Thomson One and Workarounds with the New Chromium-based Microsoft Edge Update

Thomson ONE‘s full features are available only with the outdated Internet Explorer (IE) browser. This makes staying up-to-date on the latest browser workarounds critical to accessing this collection of company information, SEC filings, and analyst reports. Continue reading for details regarding this year’s Chromium-based update to Microsoft Edge.

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CBD and THC: green light for investment

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Image by Roberto Valdivia

A recent article in Bloomberg News instantly grabbed my attention.  Joe Montana, quarterback extraordinaire and football icon, now a venture capitalist, just participated in a $75 million funding for a company that sells marijuana products in stores throughout California.  Taking a risk on a controversial investment, Joe is positioned to win in an industry which he hopes can make a “serious impact on opiod use or addiction”.  In fact, cannabis related products could help football players or others in high impact, injury prone professions. This industry includes growers and retailers as well as medical and recreational products.

Like Joe, investors seem sweet on cannabis derived products that provide health and wellness benefits. But where is this industry headed as a business investment? How great is the risk? What are the opportunities? the library has a number of resources that can help to answer these questions.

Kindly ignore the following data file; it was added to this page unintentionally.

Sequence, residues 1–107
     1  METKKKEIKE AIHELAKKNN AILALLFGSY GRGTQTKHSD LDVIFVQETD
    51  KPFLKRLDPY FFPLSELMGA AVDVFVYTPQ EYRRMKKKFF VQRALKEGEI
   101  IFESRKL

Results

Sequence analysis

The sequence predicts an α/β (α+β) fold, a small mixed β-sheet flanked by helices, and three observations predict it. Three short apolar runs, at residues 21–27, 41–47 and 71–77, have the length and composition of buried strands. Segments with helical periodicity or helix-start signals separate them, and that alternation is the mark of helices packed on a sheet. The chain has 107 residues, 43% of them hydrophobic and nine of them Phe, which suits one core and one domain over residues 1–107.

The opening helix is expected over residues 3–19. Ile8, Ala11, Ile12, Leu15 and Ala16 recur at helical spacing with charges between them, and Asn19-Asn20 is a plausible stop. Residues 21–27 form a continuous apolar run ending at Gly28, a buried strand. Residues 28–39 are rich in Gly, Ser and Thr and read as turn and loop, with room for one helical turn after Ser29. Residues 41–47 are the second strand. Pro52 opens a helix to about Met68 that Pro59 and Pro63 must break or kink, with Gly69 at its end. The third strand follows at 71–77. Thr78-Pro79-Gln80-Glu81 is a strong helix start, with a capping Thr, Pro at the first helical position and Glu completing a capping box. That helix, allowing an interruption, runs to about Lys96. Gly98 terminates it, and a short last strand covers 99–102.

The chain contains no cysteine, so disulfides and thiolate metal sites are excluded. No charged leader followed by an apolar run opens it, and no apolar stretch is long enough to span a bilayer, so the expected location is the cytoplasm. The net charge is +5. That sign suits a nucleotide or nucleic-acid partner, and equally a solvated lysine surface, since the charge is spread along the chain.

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Thomson One Work-Around for Microsoft Edge

Thomson ONE only works with full functionality in Internet Explorer (IE), and within that, it only works properly in versions IE8 and below. For those of you familiar with this resource, this isn’t anything you haven’t heard before. Compatibility issues continue with Thomson ONE in the latest iteration of the Windows browser, Microsoft Edge. As has been the case before, there is a work around which you can find detailed below.

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Are You Certified??? Certification Programs for Bloomberg or Thomson One!!!

Many students and potential employees like certifications for Bloomberg or Thomson One. This demonstrates that the student has an understanding of how to use these expensive programs before coming on board.  The learning curve for using these products on the job is greatly reduced.

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Bloomberg, available at Lippincott Library or Huntman Hall, currently offers two certificates.

Bloomberg Market Concepts (BMC) is a self- paced, 8 hour introduction to finance using 70 Bloomberg terminal functions.  This provides a good foundation for undergraduates or people new to finance.  It covers four topics:  Economic Indicators, Currencies, Fixed Income and Equities. The format is interactive video sessions. There is no cost for this certificate if you use the Library Bloomberg terminals.  You can sign up for a web-based session at a discounted price of $149.00.

BESS is also self-paced and is recommended for individuals with more experience in Finance and Bloomberg.  Again, there is no cost when using the Library Bloomberg terminals.  Sessions are based on written materials.